I can remember when reality broke for me. I was sitting in my kitchen, praying or maybe arguing with God, I can’t remember. It just dawned on me, “My dream is not going to happen, is it?” My dream was linear, being a professional youth pastor for thirty years was supposed translate to making a living as an in demand speaker and trainer. Now, two years removed from those ideas, I am still processing my “reality”. I can’t be what I was and I’m not becoming what I thought I’d be. I am career nomad.

I accepted a position as an assistant maintenance a few months after I left my last church. I was there for a year. For a little over a year I’ve been delivering HVAC equipment and just last week I gave them my two weeks notice.

I can look at reality two ways.

The reality is, I have to settle down, think about retirement and be be miserable in whatever job I can get.

or

The reality is, I’m not built for, wired for, created for or called to a job that makes me miserable.

So, it’s back to hustle and grind.

I grew up in the age of “go to college, get job, work that job for 30 years, retire and then die.” I used to think someone who “could not keep a job” was a just a malcontent, had authority issue or a drug problem. This may be true in a minority of cases, but not of me and not of most people. Most people, I believe, who are going from job to job, are looking for their sweet spot. They want to do something with meaning and purpose. This is certainly my goal.

I have to accept the realty that I may never have a long term career again, that having a job for 1-3 years might my be my new life, and I have to embrace that.

I recently read an article called Good Leaders Know They Can’t Fight Reality. The author, Scott Edinger, gives three ways leaders can look at realty that can help anyone who’s having a moment of cognitive dissonance with where they are in life.

Accepting the Results

If you’re a youth worker and you blame anything and everyone on why an outreach didn’t work or why your youth ministry isn’t growing, you’ll never be able to change things. You have to take responsibility for the decisions made, or not made, that have given you the results you are currently looking at.

The results of not having a college degree, not making the right connection, not keeping job long term, whatever, are on me. I have to accept the results of my life lived to this point.

Accepting Circumstances

I could never accept a youth ministry that could not grow. I could never accept the circumstances that were barriers to growth because I believed acceptance meant giving up. If you are in small church of a 100 people and have 15-20 teens showing up for youth group each week, you are above average. There are things you have to accept,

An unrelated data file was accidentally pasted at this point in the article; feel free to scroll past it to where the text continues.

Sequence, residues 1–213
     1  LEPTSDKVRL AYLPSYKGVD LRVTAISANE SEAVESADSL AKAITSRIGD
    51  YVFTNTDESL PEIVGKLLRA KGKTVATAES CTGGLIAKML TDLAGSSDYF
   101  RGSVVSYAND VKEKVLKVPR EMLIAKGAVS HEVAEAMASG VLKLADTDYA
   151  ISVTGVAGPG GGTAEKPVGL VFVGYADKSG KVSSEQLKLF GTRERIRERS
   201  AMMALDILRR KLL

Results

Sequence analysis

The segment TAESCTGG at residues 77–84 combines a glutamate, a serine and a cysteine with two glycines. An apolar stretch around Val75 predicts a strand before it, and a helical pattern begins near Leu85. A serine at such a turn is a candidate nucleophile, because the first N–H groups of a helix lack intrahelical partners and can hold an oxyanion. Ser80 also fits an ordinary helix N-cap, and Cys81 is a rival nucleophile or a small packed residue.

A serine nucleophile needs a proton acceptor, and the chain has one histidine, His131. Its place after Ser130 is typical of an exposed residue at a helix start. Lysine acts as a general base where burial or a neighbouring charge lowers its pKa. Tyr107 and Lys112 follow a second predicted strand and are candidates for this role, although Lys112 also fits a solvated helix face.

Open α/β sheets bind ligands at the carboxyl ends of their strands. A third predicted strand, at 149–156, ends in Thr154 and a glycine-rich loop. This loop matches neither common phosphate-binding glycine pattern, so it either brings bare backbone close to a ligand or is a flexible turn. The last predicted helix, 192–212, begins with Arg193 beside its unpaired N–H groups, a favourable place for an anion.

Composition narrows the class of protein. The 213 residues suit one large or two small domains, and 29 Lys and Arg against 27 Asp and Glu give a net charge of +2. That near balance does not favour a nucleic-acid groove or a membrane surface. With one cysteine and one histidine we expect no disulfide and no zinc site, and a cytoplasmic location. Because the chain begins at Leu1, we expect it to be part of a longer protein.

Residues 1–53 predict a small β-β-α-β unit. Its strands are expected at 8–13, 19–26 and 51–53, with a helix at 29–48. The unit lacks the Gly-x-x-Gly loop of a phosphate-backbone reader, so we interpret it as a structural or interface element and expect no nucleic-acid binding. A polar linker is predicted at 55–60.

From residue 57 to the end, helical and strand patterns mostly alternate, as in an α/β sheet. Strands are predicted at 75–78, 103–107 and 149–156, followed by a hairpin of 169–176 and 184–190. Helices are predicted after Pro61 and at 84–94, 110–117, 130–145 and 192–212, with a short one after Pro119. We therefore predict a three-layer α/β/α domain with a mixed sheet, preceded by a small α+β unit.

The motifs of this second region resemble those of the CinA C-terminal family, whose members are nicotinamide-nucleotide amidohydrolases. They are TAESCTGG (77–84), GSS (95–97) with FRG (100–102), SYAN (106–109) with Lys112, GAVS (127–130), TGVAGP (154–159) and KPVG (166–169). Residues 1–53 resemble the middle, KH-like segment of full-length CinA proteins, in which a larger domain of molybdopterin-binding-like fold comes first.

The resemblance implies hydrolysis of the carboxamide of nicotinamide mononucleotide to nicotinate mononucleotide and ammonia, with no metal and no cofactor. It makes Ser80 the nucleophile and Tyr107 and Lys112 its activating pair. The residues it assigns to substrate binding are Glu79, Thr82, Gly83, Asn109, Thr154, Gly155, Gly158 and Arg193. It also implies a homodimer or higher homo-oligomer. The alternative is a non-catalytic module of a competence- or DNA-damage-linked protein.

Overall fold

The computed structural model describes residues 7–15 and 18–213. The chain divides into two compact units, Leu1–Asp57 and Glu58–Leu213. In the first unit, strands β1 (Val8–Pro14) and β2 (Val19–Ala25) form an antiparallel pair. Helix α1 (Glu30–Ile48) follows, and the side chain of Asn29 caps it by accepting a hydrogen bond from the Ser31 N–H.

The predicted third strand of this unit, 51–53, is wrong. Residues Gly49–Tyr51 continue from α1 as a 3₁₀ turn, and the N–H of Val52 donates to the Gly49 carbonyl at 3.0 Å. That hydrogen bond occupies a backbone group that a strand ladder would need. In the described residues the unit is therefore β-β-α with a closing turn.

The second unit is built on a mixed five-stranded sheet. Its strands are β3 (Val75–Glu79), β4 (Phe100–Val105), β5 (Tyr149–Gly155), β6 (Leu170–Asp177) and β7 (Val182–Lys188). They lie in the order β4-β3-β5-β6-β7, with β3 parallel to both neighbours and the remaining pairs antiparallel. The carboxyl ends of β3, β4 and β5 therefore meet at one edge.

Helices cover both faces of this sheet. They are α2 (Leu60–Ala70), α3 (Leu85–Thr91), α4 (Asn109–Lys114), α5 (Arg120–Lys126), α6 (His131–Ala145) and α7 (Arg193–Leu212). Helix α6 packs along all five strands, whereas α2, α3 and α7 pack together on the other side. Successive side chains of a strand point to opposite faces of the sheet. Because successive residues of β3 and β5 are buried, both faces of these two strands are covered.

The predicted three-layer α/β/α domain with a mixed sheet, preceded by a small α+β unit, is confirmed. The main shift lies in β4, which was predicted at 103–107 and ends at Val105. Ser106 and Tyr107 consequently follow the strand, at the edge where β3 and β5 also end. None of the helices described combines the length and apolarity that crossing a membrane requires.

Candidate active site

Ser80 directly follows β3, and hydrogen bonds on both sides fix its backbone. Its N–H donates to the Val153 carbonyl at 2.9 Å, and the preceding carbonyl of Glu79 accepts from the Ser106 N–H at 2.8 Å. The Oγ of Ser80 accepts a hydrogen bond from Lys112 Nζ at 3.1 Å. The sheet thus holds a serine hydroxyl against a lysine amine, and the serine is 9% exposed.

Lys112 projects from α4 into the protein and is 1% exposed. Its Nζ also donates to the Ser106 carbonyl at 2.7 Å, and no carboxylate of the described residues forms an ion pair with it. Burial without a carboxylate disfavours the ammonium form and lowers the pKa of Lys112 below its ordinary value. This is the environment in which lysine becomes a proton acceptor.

• your budget is this much
  • your demographics are this
  • your leadership is that

You have little to no control over these things. Accepting your circumstances, what is, does not mean you cannot have faith for change; what it does mean is that you have to accept what is in order to change. Scott aptly puts it this way,

acceptance gives you power to move forward in the most effective way possible instead of waging a futile battle against circumstances you can’t control.

Scott Edinger, HBR

You are where you are, you are who you are but all things are under God’s control. Work within the reality of what is not what should be and you’ll be healthier for it.

Accepting Your Failings and The Failings of Others

I can remember being mad at everyone, My Pastor, the church, my leaders were all “holding the church back” from being what it could be. Change that sentence to “holding me back” and you have a true ego-manic and you have one mentally mess-up youth pastor, which, for a while, I was.

I have a hard time with failing, I take my own failings very personally.

I should be better.

I should be more.

I should be over this.

And on and on this mantra repeats itself throughout my life.

Acceptance is about acknowledging the facts and letting go of the time, effort, and energy wasted in the fight against reality.

Scott Edinger, HBR

I’ve wasted a lot of energy on trying to change things that were, essentially, unchangeable. It was a misuse of time and energy. I would try to keep people on my team, hoping I could change them, I could not. I did get better at letting people go into another ministry they would be better at and that was a much more healthier approach to the reality of that person not fitting.

I have to accept that my standards may be too high for myself or the organizations I work. We’re all human and flawed. I have to accept that I am picky, post youth ministry, about who I want to be and how I want to use the gifts God’s given me and to whom should I employ these gifts.

I have to accept my personal and career realties by faith, it’s the only way I can move forward, find a health mental life and, maybe, God willing, find a second career I can thrive in.

If I can help you navigate your life or ministry realities, check out my coaching program.

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